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Newburgh, NY: Turning Point


Last Updated: 02/17/2020 10:11 am
Street art at Safe Harbors on the Hudson in Newburgh. - THOMAS SMITH
  • Thomas Smith
  • Street art at Safe Harbors on the Hudson in Newburgh.

Newburgh is not the easiest city in the Hudson Valley to love.

Like a veteran boxer, it has endured many blows over the years, including a well-documented gang and drug problem, urban decay, and financial hardships—nearly a third of the population lives below the poverty line. Yet, somehow, Newburgh has rolled with the punches, and though there might be a scar here or there, something undeniably intriguing, majestic, and, yes, loveable about the city remains.

To begin with, there's the architecture. The city was home to several celebrated architects in the 19th century whose compelling handiwork can still be seen in the form of proud and noble Gothic and Victorian structures that line Newburgh's streets. Then there's the history of the city. It was in Newburgh, from headquarters overlooking the Hudson River, that George Washington guided the Continental Army during the last year and a half of the Revolutionary War.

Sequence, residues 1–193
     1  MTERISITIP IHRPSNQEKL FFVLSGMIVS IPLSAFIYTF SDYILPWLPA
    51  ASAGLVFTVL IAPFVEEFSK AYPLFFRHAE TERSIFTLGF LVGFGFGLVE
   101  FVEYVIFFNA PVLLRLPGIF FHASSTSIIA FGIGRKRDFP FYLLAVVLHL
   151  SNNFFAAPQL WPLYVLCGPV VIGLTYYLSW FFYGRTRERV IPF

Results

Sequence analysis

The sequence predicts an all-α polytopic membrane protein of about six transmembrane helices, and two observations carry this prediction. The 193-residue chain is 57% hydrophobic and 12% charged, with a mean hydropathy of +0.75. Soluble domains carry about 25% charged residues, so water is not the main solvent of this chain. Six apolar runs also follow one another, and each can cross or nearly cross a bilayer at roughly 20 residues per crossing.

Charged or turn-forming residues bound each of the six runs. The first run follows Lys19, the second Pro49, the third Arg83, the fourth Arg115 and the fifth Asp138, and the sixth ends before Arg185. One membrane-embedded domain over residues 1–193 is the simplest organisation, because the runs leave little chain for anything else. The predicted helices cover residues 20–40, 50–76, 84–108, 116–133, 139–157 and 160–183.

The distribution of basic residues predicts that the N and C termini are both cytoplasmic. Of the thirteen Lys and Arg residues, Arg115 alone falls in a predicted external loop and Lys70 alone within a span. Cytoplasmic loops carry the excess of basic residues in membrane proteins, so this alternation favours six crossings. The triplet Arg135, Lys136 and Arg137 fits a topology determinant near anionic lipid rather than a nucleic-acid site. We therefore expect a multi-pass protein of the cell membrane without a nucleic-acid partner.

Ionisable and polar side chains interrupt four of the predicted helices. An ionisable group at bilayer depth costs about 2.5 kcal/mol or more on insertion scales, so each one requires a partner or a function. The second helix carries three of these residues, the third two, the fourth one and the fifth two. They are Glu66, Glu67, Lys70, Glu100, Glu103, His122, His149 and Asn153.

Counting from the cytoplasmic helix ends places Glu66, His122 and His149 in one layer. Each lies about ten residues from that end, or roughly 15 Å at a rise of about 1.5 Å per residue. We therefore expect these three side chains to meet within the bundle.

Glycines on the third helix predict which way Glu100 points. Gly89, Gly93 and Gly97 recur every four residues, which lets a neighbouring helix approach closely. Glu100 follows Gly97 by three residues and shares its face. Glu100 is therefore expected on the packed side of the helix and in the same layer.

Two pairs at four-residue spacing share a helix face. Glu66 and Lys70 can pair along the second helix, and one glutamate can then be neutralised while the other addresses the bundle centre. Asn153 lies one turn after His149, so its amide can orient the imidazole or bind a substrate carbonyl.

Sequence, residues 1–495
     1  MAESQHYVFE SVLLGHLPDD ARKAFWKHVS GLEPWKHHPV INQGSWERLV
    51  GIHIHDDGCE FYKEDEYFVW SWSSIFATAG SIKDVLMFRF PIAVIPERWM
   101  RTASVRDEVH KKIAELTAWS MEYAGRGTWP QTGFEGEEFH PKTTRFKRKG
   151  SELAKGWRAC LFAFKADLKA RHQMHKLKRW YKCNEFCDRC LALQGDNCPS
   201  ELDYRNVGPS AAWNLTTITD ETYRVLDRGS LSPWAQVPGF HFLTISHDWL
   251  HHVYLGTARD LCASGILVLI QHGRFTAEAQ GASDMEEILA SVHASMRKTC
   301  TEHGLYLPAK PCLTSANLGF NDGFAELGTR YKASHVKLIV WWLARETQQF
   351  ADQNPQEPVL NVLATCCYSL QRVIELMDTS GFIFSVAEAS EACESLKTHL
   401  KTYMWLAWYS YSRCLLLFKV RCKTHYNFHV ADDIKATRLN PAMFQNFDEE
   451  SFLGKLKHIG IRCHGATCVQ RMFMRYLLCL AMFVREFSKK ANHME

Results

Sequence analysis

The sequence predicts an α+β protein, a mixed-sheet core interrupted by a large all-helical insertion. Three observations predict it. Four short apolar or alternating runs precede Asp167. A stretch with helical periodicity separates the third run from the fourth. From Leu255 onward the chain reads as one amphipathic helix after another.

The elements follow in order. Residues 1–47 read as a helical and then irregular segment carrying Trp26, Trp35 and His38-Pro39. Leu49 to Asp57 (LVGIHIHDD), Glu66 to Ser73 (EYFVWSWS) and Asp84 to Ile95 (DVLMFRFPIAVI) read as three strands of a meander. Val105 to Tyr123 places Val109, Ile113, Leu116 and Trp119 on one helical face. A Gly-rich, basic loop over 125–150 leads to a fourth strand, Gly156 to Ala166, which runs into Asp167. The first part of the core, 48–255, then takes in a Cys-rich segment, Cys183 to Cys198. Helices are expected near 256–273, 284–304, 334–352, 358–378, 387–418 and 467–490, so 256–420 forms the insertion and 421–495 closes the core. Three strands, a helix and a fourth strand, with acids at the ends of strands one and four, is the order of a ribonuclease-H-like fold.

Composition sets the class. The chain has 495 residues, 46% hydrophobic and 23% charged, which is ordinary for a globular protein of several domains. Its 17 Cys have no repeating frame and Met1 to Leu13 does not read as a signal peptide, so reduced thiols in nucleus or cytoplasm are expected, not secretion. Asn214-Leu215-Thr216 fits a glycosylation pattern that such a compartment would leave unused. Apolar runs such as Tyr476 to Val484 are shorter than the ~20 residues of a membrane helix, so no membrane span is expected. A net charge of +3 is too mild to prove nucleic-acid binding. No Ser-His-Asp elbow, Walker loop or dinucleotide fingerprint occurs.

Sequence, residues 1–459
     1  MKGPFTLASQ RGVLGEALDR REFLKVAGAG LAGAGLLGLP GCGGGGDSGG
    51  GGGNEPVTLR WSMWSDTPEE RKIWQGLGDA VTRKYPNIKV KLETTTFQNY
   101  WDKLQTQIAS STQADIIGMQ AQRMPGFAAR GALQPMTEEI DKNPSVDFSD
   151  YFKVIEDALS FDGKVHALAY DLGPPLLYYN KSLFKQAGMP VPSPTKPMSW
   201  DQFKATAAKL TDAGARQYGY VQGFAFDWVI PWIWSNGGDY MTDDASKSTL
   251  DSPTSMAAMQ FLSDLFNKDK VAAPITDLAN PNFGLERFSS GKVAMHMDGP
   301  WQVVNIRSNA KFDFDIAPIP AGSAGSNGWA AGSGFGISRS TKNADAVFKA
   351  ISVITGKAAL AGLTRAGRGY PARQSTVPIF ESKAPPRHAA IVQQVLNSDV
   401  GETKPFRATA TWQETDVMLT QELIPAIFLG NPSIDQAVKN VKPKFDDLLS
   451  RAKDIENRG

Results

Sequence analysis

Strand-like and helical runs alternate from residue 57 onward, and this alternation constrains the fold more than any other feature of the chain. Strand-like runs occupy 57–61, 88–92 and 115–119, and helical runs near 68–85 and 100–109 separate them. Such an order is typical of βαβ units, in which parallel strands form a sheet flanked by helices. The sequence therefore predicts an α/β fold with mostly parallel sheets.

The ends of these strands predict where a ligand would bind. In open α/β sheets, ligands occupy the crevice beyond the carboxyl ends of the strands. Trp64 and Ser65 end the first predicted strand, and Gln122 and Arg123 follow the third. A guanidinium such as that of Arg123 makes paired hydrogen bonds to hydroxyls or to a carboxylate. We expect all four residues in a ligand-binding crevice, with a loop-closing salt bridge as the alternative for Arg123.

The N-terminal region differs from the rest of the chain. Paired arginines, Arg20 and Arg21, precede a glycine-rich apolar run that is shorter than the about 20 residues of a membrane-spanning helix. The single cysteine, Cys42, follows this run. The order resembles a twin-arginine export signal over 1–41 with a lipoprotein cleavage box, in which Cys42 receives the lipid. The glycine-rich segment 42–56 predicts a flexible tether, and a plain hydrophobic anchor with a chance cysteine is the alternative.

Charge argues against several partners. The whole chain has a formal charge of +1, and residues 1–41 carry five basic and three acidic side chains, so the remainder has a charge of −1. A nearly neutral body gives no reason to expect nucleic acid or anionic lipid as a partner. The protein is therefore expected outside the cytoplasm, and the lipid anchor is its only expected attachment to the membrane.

Finally, there's the culture and diversity. Unlike in other cities and communities in the midst of an urban revival, Newburgh has avoided the sometimes generic pitfalls of gentrification. Revitalization in the city has moved across economic and cultural lines.

Outsiders might still see Newburgh as an underdog but residents say the city's comeback is under way and it is destined for future glory. Cue the soundtrack to Rocky.

History and Architecture
Johanna Porr, director of the Historical Society of Newburgh Bay and the Highlands, says there are two things that will always draw people to Newburgh. "One is the river views, the nature of the scenery, and then we have the historic architecture," she says. "That's what makes Newburgh so uniquely beautiful and those are the two things that just can't be replicated in any other place."

Madison, Kathy, and Bryanna Foti at Lake Chadwick. - THOMAS SMITH
  • Thomas Smith
  • Madison, Kathy, and Bryanna Foti at Lake Chadwick.
In the 1800s, the city was home to several star architects, including Andrew Jackson Downing and disciples like Calvert Vaux and Frederick Clarke Withers. Since the 1980s, preservationists have been fighting intensely to save the handiwork of these and other architects, with much success.

"Newburgh has the largest contiguous historic district and most diverse in New York State," Porr says. "When you look at New York City, there's more historically preserved buildings but they're scattered around."